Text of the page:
Horace Owen Compton Beasley, Kt., C.J.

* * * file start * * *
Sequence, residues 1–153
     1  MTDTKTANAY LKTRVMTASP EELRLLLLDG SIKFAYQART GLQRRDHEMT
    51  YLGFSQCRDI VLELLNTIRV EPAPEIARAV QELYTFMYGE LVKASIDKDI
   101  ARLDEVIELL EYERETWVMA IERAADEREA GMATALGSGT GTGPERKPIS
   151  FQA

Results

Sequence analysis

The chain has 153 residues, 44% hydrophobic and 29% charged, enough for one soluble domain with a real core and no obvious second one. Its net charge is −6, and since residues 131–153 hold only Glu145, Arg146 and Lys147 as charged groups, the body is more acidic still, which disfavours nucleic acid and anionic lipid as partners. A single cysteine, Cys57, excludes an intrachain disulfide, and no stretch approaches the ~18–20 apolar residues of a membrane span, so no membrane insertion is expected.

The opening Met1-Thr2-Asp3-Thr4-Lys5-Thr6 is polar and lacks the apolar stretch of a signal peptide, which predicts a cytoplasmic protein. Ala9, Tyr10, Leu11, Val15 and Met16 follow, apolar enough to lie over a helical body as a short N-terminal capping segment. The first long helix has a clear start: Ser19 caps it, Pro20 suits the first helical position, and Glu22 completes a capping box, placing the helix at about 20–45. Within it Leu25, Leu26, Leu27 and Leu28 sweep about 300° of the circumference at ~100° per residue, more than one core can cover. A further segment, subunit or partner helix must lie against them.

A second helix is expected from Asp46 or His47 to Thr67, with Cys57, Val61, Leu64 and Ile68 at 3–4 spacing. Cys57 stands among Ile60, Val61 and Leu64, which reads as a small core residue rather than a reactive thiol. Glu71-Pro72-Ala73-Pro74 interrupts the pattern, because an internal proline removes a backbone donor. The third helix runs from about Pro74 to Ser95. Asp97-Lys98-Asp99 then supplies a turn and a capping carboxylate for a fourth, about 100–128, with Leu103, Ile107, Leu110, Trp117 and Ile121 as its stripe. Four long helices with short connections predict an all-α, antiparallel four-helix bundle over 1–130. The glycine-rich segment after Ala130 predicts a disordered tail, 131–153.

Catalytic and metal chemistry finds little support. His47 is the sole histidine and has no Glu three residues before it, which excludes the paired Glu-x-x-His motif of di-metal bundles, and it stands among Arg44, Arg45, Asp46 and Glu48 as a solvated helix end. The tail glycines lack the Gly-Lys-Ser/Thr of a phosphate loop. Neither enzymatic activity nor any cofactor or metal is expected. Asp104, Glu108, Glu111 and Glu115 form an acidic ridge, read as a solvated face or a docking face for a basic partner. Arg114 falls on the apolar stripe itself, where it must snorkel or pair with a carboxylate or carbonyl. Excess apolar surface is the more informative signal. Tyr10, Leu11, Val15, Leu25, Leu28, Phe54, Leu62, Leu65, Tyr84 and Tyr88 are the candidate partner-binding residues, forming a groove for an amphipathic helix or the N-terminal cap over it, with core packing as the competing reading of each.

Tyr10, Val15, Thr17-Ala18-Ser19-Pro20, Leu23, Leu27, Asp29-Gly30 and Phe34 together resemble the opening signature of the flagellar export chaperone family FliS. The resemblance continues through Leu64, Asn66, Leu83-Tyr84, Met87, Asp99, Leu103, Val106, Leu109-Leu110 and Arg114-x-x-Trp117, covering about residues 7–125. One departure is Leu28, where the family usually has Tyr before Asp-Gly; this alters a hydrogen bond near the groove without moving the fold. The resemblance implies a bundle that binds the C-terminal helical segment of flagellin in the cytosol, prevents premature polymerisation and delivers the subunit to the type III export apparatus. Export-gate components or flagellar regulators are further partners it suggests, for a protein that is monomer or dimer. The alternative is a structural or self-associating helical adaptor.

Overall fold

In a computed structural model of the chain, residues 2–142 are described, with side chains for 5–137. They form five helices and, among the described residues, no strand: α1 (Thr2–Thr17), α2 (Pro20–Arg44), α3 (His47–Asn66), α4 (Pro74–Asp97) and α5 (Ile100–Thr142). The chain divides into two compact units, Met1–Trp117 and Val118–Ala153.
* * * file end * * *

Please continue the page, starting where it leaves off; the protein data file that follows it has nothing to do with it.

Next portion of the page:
1. The plaintiff filed a suit against the Official Receiver in an insolvency claiming half the amount of the costs which he had paid as an unsuccessful co-defendant in a partition suit filed against him, the debtor and others. The decree so far as it relates to costs, and to the petitioner is against him jointly and severally. His claim in the suit filed by him is that as he was forced by reason of the terms of the decree for costs to pay up the whole of the costs he is entitled to claim from the debtor half the amount which he (the petitioner) was compelled to pay. The lower Court has dismissed the suit on the ground that the leave of the Court to file the suit had not been obtained as is required by Section 28(2) of the Provincial Insolvency Act. A few further facts must first be stated; and these are that the suit in respect of which the costs were awarded against the present petitioner was a suit for partition brought by a younger brother of the debtor claiming that certain alienations which had been made were to be set aside--and for this purpose the alienees were made party defendants--and also to have declared void certain bonds executed. During the pendency of that suit the debtor who was the second defendant in it was adjudicated an insolvent and after his adjudication the decree in the partition suit and also as regards the costs was passed. There is, therefore, if the plaintiff's claim for contribution is good, a debt, i.e., the decree for costs, to which the debtor had become subject after his adjudication but before his discharge and for the purpose of seeing whether the leave of the Court is required when a suit in respect of such a debt is filed Section 34 of the Provincial Insolvency Act has to be examined. The position being as I have already stated the question is whether it is a debt that is provable or not. It is provable if in respect of it the debtor had incurred before adjudication any obligation to the plaintiff-petitioner, that is to say, the debtor must, where the debt is incurred after his adjudication and before his discharge, have been under an obligation to the claimant before the date of the adjudication and it is only if he was that the suit debt will be one provable in insolvency. The position I think is quite clear where a claim for costs is made against an insolvent's estate, the order for the payment of costs being subsequent to the date of the adjudication. The position is this, that if a plaintiff starts a suit against another person and during the pendency of the suit that other person becomes an insolvent and subsequent to the adjudication a decree is obtained, the plaintiff can prove in the insolvency both as regards the amount obtained under the decree and as regards the costs awarded, the costs being added to the decretal amount. This position has been clearly stated in the judgment of Lindley, L.J., in In re British Gold Fields of West Africa (1899) 2 Ch. D. 7 and since then that decision and the words of Lindley, L.J., have been frequently cited in other English decisions relating to the English Bankruptcy Act. But there is this all important condition which is also laid down in that the debt in respect of which the costs are an incident must be one which itself is provable in insolvency. Therefore what has to be seen here is whether the decree in respect of which the order for costs was made is one which is provable in insolvency and that is why an examination of Section 34(2) becomes so necessary. The question is, what obligation was the debtor under towards the plaintiff-petitioner previous to the adjudication It is argued that he was under some contingent liability to pay him the costs of the suit or something towards them. I do not agree. There was no liability whatsoever to do so until the decree had been passed, that is to say, so far as the plaintiff-petitioner is concerned. It could have been argued that if the facts had been those which Lindley, L.J., had in mind, certainly the debtor was under an obligation not only to pay the decretal amount to the plaintiff but also the costs which were incidental to the decree but it seems to me--and this appears to be conceded in the argument on behalf of the respondent--that in the present case, that is the suit in which the costs were awarded, the plaintiff in that suit, it being a partition suit, had no debt which was provable in the insolvency by reason of his decree and that therefore also he had no debt so far as it related to costs which was provable in insolvency. I think that the petitioner here is in even a stronger position than the plaintiff in the partition suit would have been. He was a co-defendant and it cannot be said that during the pendency of the suit the debtor was under the obligation, contingent or otherwise, towards the present petitioner. The obligation only arose when the order for costs was made which was subsequent to the adjudication. In my view, therefore, having regard to the words of Section 34(2) of the Provincial Insolvency Act this suit debt was not one provable in insolvency. It follows, therefore, that leave of the Court to file the suit was not necessary and the lower Court's order dismissing the suit for the reason that no such leave had been obtained was wrong. This petition must, therefore, succeed with costs here and the order of the lower Court set aside and suit remanded for disposal according to law.